They have long tables filled with all kinds of shoes and each table has the shoe size written on it. I happened to have very petite feet (a size 36) and I look forward to the sale season to upgrade my shoe collection. And during the sale, I go to the mall oozing with enthusiasm to pick up some great heels at flat 50% off, fight off scores of other women and claw my way to the front of the table only to find ugly black chappals in my size!

However, at the end of the store, there is a table filled with some amazing shoes and without the commotion around it, but they are SIZE 41 - 42. Ugh! I hate having small feet during the sale season. All the best brands have their best discounts on shoes in the 40-42 size range. They even have color options! They have so many great options that I am even tempted to try them on just to see what they'd look like. But I do NOT buy these shoes because they are NOT my SIZE. They may be the BEST shoes out there but I DO NOT BUY it. Why would anyone spend money on shoes that would ever fit them, right?

So, in spite of knowing not to buy shoes that do not fit them, why do people invest without knowing what is the right fit for them?

Everyone is always searching for:
'The best Mutual Funds to Invest in?' 
'Tell me where can I get the maximum return possible'
'How much returns will I make through this investment'

The best returns are in the shoe of size 42 but clearly, they do not fit me and will only be a waste of money and similarly, so will your investments if they are bought considering only the 'best returns' as criteria.

You need to invest your money in the investments which are 'RIGHT' for you as per your risk profile. The investments which fit perfectly well in the asset allocation determined by your risk profile just as my feet size determine the final shoe design I pick.

What is this Risk Profile?

The risk profile is your risk-taking capacity and how much risk you can take so that you can peacefully sleep at night. It is based on your ability to take a risk and your willingness to take the risk. Where the ability is more a function of your age, your money, and your goals, willingness is completely behavioral and is determined by your life experiences and education.

Before you start your investments, it is very important that you take a risk profile test (we have attached an indicative risk profile for your reference) and know what is the RIGHT Debt-Equity mix for you.

High Risk = High Returns
Low Risk = Low Returns

Where you make the investment decision based on the risk you are taking, you will eventually be able to achieve your goals with peace of mind and not worrying about the volatility in the markets.
Shouldn't that be the whole point of investing in the first place?

Hence, don't just run behind the highest returns, they might not be the right fit for you. Instead, understand what you want to achieve by investing, plan accordingly, and then invest.

Disclaimer -  These articles are for information purposes only. Information presented is general information that does not take into account your individual circumstances, financial situation, or needs, nor does it present a personalized recommendation to you. You must consult a financial advisor who understands your specific circumstances and situation before taking an investment decision.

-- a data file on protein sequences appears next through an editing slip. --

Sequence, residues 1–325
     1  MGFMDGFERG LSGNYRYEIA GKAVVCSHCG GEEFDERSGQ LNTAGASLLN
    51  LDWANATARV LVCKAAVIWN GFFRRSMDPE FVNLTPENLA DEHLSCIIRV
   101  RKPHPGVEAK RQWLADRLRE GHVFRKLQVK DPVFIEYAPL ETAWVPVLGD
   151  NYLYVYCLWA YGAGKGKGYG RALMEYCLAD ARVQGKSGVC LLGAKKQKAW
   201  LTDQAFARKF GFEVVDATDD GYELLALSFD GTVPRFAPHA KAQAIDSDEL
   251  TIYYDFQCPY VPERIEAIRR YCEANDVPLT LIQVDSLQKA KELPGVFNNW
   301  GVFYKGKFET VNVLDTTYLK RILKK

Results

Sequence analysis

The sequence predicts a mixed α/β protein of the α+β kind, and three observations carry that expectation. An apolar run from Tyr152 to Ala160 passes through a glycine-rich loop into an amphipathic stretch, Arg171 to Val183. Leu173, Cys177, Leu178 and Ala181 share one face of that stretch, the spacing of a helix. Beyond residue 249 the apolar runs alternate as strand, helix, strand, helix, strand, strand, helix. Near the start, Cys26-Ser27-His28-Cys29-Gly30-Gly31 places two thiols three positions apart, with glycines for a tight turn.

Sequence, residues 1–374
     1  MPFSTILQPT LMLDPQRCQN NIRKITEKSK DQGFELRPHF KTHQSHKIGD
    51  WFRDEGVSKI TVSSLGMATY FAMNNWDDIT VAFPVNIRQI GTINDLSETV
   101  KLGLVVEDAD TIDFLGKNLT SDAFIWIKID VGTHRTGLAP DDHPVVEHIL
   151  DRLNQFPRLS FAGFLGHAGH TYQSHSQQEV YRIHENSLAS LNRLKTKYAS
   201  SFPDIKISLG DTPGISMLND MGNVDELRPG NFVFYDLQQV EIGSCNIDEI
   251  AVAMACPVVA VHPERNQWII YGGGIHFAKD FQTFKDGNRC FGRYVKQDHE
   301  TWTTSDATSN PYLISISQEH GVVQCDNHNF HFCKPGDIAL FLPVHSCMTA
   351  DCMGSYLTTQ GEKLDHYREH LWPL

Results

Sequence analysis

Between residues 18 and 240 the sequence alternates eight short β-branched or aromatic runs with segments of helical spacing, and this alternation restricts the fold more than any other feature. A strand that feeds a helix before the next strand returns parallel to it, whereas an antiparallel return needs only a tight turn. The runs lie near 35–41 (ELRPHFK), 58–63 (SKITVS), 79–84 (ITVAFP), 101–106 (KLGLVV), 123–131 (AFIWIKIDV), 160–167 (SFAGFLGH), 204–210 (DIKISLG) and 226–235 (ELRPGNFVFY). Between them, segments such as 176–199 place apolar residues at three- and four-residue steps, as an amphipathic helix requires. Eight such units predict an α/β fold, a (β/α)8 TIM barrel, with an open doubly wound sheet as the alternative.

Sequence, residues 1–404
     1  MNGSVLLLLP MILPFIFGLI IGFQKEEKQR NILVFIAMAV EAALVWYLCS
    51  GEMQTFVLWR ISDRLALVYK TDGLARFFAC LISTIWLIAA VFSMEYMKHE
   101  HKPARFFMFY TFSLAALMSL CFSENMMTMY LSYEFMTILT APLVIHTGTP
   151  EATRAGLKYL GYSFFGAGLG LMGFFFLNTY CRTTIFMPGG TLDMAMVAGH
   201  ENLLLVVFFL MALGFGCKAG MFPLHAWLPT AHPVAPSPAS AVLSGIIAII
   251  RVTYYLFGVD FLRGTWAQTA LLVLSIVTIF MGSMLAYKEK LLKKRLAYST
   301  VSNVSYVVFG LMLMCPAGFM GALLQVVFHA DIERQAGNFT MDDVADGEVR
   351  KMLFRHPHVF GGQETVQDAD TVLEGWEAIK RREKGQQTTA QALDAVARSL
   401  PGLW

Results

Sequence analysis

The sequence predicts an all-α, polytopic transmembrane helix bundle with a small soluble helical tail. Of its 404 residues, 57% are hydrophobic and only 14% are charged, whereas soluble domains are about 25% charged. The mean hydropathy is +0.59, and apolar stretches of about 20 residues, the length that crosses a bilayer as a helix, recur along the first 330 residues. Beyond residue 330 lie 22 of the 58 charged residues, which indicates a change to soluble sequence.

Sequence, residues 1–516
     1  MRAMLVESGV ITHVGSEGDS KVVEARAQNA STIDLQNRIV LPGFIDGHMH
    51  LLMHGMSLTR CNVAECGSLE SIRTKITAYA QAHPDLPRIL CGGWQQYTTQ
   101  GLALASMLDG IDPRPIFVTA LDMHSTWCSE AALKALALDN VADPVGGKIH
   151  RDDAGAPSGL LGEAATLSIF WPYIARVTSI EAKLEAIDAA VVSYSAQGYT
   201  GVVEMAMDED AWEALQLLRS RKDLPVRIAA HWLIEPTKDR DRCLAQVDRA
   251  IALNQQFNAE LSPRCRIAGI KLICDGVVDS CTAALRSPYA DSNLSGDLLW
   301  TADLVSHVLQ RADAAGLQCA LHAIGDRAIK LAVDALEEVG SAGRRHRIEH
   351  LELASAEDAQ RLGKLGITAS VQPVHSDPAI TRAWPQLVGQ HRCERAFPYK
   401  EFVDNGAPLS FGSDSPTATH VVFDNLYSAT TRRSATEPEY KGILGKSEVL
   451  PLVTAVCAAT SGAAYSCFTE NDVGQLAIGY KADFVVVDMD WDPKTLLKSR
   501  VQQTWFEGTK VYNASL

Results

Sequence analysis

tax

Questions Related to Income Tax

GENERAL FAQs

  1. How will I get my excess paid tax refunded back?

Once you file an income tax return, the excess fund will be transferred to your bank account or by cheque once the refund gets processed.

 

  1. Is it possible to communicate with CPC in paper form?

No, no paper communication is allowed with CPC.

 

  1. What is the toll-free CPC help line number?

It is 1800-425-2229.

 

  1. What to do when an assessee is not able to call on toll-free number from abroad?

In that case, you can use the chargeable number 080-22546500 to contact IT department.

 

  1. What is the email id to contact CPC?

There is no Email ID provided from CPC to contact them. The only way is through the toll-free and chargeable contact number.

 

  1. What are the working hours of CPC?

It is 8.00 am to 8.00 pm from Monday to Friday, excluding all the national holidays.

 

  1. How to claim a refund for TDS deducted due to late PAN submission?

Your employer can file the “Correction Statement” and provide your PAN information. In this case, you have to file IT return even if your income is below the tax slabs.

 

  1. Do I have to file Original return once again, if the Original e-return declared to be invalid due to non-receipt of ITR-V?

If the ITR-V has not been received by the CPC and you have the 120 day period remains, then you will have to sign a new ITR-V form and send it to CPC within the time frame. But if the time frame has expired, then you have to file a revised return which will be ultimately treated as original return.

  1. What is the password to open ITR-V

The password to open ITR-V is the combination of your PAN number and your DOB. It should be last 5 digits of your PAN number and ddmmyyyy of the DOB.

 

  1. Can more than one ITR-V be sent in one envelope?

Yes, more than one form can be sent together in one envelope but one needs to take care that the barcode does not get folded.

  1. Can I send the ITR-V to CPC by Registered Post?

No, ITR-V can be sent only via ordinary post or speed post.